To observe or to extract? Different methods for studying soil organisms

Interest in characterising soil communities is booming, fuelled by the growing recognition that soil biota govern processes of carbon (C) and nitrogen (N) cycling – processes that underpin the delivery of soil-based ecosystem services such as climate mitigation and sustainable food production. Soils capture carbon, which can exacerbate climate change when released to the atmosphere, and they provide nitrogen and other nutrients for growing crops and feeding livestock – when these nutrients are lost from soils, they can pollute ground and surface water and cause a loss of biodiversity. Because soil microbes decompose organic matter, thereby releasing N for plant growth, and respiring C, they determine the balance between the release and retention of C and N in soils.

In my work, I have a particular interest in the role of soil fungi and bacteria in these processes. Moreover, I want to find out how land use change and climate change affect the relative abundance of fungi and bacteria, and the chain of soil fauna that feed on them (the fungal and the bacterial energy channel, respectively), and how these changes in turn affect processes of C and N cycling. For example, some of my recent work shows that fungal-dominated microbial communities of extensively managed grassland retain N better and have lower N leaching losses, about which you can read more in this old blog post. Also, I have shown that fungal-based soil food webs and the processes of C and N cycling that they carry out are less affected by drought, which is expected to increase with climate change, than bacterial-based soil food webs.

An example of a soil food web, with the fungal decomposition pathway (dashed arrows) and the bacterial decomposition pathway (solid arrows). Both fungi and bacteria are consumed by a chain of soil fauna, that consists of protozoa, nematodes, collembola, and mites.

An example of a soil food web, with the fungal decomposition pathway (dashed arrows) and the bacterial decomposition pathway (solid arrows). Both fungi and bacteria are consumed by a chain of soil fauna, that consists of protozoa, nematodes, collembola, and mites.

To do this type of work, obviously, you have to measure the composition of soil microbial communities, or even of entire soil food webs. This is not an easy task, as most of these organisms are not, or barely, visible for the naked eye. For decades, direct microscopy was the only possibility to quantify and characterise the composition of soil microbial and soil faunal communities. For microbial communities, this involves transferring a soil suspension onto a microscopic slide, staining the fungi and bacteria, and then counting their hyphae or cells using a microscope. I used this method during my PhD and spent weeks, if not months, looking through a microscope. Although still frequently used, in recent years, direct microscopy has been increasingly replaced by the measurement of phospholipid fatty acids (PLFAs), a component of the cell membranes of fungi and bacteria. Because different microbes have different PLFAs in their cell membranes, the PLFA composition of a soil sample can be used as a ‘fingerprint’ of the soil microbial community. In other words, it doesn’t only tell you about the relative abundance of fungi and bacteria, but also about the composition of the bacterial community. Continue reading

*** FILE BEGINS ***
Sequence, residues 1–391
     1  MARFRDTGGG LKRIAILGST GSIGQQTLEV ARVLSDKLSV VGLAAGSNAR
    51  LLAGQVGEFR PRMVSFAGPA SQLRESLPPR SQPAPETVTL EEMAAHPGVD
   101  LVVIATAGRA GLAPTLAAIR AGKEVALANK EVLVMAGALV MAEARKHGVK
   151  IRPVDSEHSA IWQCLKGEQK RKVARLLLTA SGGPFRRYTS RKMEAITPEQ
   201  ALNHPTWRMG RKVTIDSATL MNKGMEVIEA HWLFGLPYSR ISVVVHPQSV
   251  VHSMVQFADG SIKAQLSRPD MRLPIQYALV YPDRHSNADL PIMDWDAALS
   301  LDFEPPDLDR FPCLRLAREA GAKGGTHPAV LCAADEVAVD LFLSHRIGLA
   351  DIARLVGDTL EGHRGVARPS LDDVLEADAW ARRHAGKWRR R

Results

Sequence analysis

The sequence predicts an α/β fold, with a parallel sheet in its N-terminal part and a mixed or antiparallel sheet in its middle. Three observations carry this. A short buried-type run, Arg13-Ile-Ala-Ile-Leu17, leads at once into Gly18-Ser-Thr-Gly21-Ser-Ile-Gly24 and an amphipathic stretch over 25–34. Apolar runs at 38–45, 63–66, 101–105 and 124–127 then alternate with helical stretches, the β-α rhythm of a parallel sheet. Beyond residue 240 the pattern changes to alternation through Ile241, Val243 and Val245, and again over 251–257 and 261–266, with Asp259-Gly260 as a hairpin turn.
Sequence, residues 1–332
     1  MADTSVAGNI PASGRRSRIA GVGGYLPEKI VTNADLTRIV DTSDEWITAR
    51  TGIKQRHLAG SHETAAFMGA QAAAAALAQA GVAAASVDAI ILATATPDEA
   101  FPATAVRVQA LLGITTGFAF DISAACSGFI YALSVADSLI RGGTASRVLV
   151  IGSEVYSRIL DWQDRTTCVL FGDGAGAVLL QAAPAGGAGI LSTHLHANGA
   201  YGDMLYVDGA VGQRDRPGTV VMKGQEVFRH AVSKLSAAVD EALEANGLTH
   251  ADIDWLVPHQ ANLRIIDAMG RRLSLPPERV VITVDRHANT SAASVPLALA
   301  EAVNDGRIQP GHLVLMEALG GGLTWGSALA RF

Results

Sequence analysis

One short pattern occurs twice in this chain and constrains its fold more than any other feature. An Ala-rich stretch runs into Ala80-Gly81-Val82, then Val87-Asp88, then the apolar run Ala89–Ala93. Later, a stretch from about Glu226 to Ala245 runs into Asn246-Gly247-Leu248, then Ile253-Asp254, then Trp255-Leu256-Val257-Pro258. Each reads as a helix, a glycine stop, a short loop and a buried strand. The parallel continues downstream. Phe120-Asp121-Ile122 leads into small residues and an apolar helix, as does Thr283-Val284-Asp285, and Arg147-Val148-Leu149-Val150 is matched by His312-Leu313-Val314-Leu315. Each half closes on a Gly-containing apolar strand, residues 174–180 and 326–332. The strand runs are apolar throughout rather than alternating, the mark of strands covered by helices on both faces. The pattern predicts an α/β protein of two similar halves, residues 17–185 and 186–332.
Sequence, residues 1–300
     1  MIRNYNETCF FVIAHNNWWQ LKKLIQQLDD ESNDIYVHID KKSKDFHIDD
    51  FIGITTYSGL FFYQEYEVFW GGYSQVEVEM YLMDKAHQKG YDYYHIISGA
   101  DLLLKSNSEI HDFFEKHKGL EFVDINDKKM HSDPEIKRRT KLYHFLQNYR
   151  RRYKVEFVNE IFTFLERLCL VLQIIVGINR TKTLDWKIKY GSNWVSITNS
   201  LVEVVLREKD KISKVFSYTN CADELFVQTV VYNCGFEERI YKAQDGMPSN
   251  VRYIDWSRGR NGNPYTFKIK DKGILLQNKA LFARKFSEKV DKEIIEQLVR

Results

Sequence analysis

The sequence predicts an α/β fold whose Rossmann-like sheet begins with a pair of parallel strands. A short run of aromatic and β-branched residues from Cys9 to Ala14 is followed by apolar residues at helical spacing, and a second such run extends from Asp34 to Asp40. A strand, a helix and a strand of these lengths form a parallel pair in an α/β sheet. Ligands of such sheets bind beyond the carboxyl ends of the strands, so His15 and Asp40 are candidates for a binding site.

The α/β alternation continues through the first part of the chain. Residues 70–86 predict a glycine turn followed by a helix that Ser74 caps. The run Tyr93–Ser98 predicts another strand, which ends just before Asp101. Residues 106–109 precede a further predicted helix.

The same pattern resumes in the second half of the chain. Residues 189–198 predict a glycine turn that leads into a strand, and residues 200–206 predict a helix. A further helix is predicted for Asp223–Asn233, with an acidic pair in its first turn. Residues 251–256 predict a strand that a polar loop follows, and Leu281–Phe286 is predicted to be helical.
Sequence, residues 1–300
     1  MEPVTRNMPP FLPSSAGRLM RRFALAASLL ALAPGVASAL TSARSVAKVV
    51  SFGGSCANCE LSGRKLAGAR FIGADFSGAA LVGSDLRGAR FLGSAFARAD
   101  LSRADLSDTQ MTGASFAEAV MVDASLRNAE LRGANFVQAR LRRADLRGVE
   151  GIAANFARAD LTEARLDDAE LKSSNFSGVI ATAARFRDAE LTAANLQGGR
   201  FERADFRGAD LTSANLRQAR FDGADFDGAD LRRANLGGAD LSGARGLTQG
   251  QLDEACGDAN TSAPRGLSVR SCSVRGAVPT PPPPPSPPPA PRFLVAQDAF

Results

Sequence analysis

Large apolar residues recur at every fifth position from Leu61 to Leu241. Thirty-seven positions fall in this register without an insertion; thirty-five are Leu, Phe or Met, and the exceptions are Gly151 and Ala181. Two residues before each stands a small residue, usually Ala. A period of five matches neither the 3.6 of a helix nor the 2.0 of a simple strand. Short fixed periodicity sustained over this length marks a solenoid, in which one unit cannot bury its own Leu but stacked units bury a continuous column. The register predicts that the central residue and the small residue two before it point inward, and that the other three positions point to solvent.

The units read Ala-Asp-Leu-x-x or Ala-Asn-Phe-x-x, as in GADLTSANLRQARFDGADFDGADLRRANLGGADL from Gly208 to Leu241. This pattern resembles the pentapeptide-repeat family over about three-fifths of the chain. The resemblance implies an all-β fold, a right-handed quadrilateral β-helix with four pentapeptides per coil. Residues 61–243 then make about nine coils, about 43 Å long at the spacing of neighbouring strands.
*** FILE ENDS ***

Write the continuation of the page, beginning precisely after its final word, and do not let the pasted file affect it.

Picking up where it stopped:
A very short history of creativity in science

Is science creative? I know that the process of scientific discoveries can be, or ought to be – is inherently? – creative. You can find some interesting opinions here, but it boils down to having to be resourceful and imaginative to design experiments for answering difficult, or big questions. I agree. However, I think that increasingly, the process of scientific discovery is constrained and pushed into a straight jacket, with implications for the creativity that is necessary to come to great scientific discoveries. Who still has time to wander through nature, observing and thinking? To have long discussions during coffee breaks, and philosophise about new ideas and approaches?

Yet this is what early scientists did. They studied the patterns they observed in nature, through spending time in nature. Think about Newton being sat under a tree when the apple fell on his head, or about Darwin and his voyage on the Beagle. Think about their books, that read like adventure novels. In the early days of the Royal Society, in the 1600’s, science and philosophy, or metaphysics, were inseparable, and doing science consisted for a large part of talking about it. Later, there were close ties between poets and scientists, and romanticism had a major impact on 19th century science. For example, the romantic poet Samuel Coleridge travelled to Germany and presumably influenced natural scientists such as Alexander Humboldt. Coleridge and his friend Wainwright got their inspiration while going on long and exhausting walks, often for weeks on end, and having opium-fuelled discussions through the night. Continue reading

The diversity beneath our feet

Yesterday, Georgina Mace gave a seminar in the Faculty of Life Sciences at the University of Manchester. Of course, I was at the front row (well, almost), as I have only just started at Manchester and I was employed to reinforce ecology and environmental sciences in the Faculty. I have seen Georgina Mace speak before, and today she spoke about biodiversity, and specifically, the decline of it.

In her talk, she highlighted trends in the decline of plants, birds, mammals, reptiles, fish, and amphibians, mainly as a result of habitat destruction. She spoke about mechanisms of these organisms to cope with disturbances; some species just cope with changing circumstances, some move away to new habitats, and some (or, rather a lot, as evidenced by the graphs in her presentation) go extinct. At the end of her talk, she spoke about why biodiversity is important for humans. First of all, humans value biodiversity because of its intrinsic value – we simply want to know that there are elephants in Africa, or panda bears in China (although personally, I couldn’t care less about panda bears).  Second, we want to conserve species because we want to preserve the genetic library of life, and all the information about its evolution that is locked up in genes. And finally, we want to conserve biodiversity because it provides ecosystem services that are directly beneficial for humans, although the science underpinning this relationship is still thin on the ground. Continue reading